The days immediately leading up to a missions trip are always hectic days. Supplies to purchase, bins to pack, and teaching notes to review for the last time. Do we have enough? Can we get everything in our bins and be under the weight limit? So much to do, so little time to do it. It’s always a busy time but I admit that I love it.
In eleven days my wife and I will be leaving for Haiti to teach a week-long Couples Seminar to sixty pastors and their wives. At the end of the week she’ll be returning home and I’ll stay for eight nights of evangelistic meetings. We do some variation of this every March and it’s one of the highlights of my year. It’s the preparation that is exhausting, the ministry refreshes my soul. I’ve never kept track of how many hours go into preparation but it’s a lot.
That caused me to begin thinking about the concept of preparation. So much of our lives are spent simply preparing for something yet to come. We prepare to go to work every morning; we prepare meals; we prepare to meet with clients; we prepare for tests at school; we prepare for vacations; we prepare for meetings; we prepare to go out to dinner; we prepare for shopping trips; we prepare to play basketball games; we prepare to watch basketball games; we prepare to go to the doctors, the dentist or the hairdressers. Just think about how much of your life is spent preparing to do something else. For most people it’s considerable.
But how much time do we spend as Christians preparing for the biggest event of our lives? How much time do we spend preparing to meet God? I’m not talking only about salvation – that’s just the first step in the preparation process. There is so much more.
Just before His ascension Jesus told the disciples that He was going back to the Father. Borrowing from the language of the Jewish wedding He said, I go to prepare a place for you (John 14:2). After a young Jewish man and girl were promised (betrothal – a legal step in the marriage process) to each other, he would go back home and spend up to a year preparing a place for the two of them to live in his father’s house. During that same time, the bride would be busy preparing herself because she never knew the day or the hour when her husband would come to take her to their new home. However long it took, she wasn’t idle. It was a time of preparation for her new life – emotionally, materially, spiritually and relationally.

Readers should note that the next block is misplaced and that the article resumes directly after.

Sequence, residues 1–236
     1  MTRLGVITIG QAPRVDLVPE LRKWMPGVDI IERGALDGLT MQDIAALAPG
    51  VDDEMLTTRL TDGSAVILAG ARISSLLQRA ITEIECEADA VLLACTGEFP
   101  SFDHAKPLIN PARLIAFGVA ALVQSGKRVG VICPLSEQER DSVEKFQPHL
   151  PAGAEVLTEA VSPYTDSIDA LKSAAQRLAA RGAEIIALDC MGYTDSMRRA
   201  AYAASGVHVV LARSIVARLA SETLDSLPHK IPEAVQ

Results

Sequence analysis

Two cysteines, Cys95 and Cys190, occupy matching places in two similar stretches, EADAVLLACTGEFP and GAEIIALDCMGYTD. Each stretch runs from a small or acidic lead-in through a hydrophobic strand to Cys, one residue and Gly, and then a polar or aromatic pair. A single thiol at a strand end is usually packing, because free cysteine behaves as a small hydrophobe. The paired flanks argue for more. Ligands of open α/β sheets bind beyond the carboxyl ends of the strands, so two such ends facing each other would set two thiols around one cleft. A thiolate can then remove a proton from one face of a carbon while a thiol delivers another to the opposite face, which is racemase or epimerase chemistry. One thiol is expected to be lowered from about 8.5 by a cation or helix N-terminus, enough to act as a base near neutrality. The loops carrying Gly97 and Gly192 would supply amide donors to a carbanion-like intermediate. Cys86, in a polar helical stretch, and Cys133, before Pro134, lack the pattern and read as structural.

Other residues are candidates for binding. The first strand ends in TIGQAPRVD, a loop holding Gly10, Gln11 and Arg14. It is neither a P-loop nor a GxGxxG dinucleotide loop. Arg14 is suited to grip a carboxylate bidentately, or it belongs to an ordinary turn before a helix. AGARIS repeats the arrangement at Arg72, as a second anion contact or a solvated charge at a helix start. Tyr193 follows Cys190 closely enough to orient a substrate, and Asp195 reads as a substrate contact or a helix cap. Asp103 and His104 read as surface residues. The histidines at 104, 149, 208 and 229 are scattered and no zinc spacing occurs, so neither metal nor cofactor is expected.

The New Testament often uses the same marital language to show the relationship of Christ to His Church. As the church we are the bride of Christ. Like the Jewish husband, Jesus is preparing a place for us. Just like the Jewish bride we don’t know when Jesus will come to take us to the Father’s house. It could be anytime.
As His Bride we’re to be busy preparing for His coming. But too often we are so busy with “life” that we don’t have time to get ready for the biggest day of our lives.
If you knew that in eleven days you would stand before God, how would you prepare? Would you pray more? Read your Bible more? Share the gospel with more people? Spend more time confessing sin? Love someone more? Help someone more? Be kinder? How would you prepare if you knew that you were soon to leave?
Watch therefore, for you know neither the day nor the hour in which the Son of Man is coming. Matthew 25:13
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